Are you passionate about portrait photography, want to expand your photography portfolio, or just want to know more about the different types of portrait photos in general?
Then this article was written with people like you in mind!
A standard posed
In a standard portrait, the subject is completely aware of the camera, intentionally including light,
environment and eye contact.
We have nice eye contact, sweet smiles and a comfortably composed frame in the images.
Traditional portraits usually come to mind when thinking about the portrait genre.
This type of image has been around for a long time.
But it remains popular because the mix of posing and studio lighting is flattering.
An anonymous / environmental portrait
In this scenario, the subject may not be aware of the camera.
Not asking for eye contact, and intentionally looking for details and the relationship
between the environment and the subject.
With portraits like these, what matters is the environment and the shape of the subject
What I like about this type of portrait is the narration between the subjects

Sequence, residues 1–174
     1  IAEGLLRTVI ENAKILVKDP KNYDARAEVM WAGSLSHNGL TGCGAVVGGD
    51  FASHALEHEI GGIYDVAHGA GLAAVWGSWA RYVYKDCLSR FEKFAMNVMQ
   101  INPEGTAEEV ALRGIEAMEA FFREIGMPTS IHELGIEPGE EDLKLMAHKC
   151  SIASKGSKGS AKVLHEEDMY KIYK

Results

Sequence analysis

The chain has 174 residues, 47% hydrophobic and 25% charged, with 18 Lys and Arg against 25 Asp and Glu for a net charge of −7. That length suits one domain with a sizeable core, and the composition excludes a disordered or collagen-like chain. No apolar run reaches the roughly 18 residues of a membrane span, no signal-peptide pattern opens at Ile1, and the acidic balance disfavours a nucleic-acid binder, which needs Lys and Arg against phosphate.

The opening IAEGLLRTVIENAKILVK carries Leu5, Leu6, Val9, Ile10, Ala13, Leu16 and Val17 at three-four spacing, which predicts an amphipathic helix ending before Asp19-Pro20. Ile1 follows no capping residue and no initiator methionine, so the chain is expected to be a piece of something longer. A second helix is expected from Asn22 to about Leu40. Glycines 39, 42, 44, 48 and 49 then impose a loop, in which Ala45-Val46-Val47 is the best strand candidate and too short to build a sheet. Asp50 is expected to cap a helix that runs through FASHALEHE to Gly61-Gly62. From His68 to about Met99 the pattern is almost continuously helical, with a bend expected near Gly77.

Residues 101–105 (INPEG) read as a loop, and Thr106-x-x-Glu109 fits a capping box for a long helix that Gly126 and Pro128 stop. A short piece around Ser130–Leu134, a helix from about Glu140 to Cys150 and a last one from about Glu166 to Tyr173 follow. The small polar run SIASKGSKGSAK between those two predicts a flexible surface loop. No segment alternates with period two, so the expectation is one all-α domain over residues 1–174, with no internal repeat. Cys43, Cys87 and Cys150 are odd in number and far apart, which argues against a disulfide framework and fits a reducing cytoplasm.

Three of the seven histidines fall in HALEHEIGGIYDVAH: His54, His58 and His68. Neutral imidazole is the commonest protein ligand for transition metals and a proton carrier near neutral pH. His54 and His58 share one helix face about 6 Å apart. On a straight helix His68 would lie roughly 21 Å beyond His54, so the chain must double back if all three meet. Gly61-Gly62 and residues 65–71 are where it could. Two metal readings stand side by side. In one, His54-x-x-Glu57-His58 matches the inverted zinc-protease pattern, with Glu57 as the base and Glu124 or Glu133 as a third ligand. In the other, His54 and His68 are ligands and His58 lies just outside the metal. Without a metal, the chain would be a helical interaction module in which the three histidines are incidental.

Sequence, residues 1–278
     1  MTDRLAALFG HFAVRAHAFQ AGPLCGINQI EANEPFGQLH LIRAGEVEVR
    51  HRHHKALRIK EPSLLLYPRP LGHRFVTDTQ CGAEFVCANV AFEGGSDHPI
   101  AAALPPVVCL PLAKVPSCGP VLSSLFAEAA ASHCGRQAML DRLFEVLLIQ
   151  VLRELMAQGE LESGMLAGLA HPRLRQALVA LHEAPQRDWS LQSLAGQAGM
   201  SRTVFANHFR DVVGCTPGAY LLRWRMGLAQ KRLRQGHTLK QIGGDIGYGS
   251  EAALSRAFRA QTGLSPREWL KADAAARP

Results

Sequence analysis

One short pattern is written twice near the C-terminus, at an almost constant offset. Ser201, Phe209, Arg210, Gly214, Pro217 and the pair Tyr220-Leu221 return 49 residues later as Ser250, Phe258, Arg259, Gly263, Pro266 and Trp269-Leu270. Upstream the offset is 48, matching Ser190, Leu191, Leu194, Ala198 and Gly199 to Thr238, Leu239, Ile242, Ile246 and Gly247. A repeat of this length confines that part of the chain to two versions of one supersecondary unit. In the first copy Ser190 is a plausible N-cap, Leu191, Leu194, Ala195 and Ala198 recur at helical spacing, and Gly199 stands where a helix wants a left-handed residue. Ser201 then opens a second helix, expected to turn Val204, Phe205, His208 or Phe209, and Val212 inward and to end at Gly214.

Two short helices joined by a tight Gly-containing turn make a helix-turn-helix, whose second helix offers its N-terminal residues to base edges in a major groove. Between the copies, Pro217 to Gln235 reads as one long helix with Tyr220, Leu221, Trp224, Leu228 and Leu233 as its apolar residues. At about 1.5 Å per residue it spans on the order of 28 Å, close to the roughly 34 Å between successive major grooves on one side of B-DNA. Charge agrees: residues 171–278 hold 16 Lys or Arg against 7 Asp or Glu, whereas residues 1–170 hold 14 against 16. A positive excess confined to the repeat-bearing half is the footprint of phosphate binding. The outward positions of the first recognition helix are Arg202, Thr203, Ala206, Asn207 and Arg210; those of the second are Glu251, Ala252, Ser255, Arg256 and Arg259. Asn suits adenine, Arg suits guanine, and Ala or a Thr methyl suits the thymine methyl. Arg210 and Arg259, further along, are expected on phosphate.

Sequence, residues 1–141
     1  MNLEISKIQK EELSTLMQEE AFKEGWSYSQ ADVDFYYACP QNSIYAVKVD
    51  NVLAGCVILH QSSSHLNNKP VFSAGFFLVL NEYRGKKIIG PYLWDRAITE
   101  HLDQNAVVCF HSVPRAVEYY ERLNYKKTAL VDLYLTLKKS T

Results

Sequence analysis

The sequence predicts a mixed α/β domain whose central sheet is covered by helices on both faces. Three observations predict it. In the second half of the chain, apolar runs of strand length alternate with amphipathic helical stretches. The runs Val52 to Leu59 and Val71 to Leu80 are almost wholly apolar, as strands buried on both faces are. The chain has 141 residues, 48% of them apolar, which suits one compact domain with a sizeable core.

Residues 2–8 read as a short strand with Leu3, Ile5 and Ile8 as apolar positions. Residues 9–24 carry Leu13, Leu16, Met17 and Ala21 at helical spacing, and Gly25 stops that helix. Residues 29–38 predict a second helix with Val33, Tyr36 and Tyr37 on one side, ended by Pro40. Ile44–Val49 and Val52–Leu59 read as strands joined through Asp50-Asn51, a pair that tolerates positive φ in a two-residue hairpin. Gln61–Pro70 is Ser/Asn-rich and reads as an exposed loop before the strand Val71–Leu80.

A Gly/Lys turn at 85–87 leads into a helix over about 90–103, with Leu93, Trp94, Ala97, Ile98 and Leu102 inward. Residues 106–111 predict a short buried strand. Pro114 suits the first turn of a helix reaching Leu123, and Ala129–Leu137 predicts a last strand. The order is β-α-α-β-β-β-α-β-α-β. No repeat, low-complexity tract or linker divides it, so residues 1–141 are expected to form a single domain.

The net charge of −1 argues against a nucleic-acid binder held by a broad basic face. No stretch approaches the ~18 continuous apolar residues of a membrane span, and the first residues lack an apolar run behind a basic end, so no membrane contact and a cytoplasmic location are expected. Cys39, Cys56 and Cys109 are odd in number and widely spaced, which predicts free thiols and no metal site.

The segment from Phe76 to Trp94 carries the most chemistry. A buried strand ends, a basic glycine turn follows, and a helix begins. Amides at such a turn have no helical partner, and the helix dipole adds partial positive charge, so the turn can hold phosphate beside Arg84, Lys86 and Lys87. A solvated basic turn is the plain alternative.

and the elements that surround them.
As the viewer you are exploring the light, colors, shapes – and then
there just happens to be the subject in the frame too.
The primary focus is the subject, but you also want to take in everything else in the frame.
While the location is essential, environmental portraits can still use posing techniques.
It is not as informal as lifestyle photography.
The photographer sets up a pose and lighting, like in the case of traditional portraits. The posing, lighting, person, and background work together in an environmental portrait image.
A creative portrait
With a strong direct gaze to the viewer, the creative portraits are usually shot at a wide aperture, drawing all attention to the subject only.
The creative portrait, usually taken towards the end of our time together, has produced
the purest in the subject opening up to me and showing who they are.
They have strong eye contact with the photographer, but feel differently
with these images than do compared to the posed portraits that are taken at the beginning of the time.
This is most likely due to the fact they are now comfortable with the photographer, the camera
and are just more relaxed with the situation.
The goal is to always have the subject feel comfortable and relaxed but you can see
a significant difference in not only the expressions, but the softness in their eyes.
Not always big smiles on their faces – most of the time an impish grin.
Creative elements and details you may want to include in a portrait may be:
If it’s windy out, let the hair blow around and in front of their faces.
Find something to shoot through for depth.
This is a time where you can explain what you are trying to create.
Even if the shot doesn’t turn out, you may capture something even better as you both laugh about it.
Taken to: Kristin Dokoza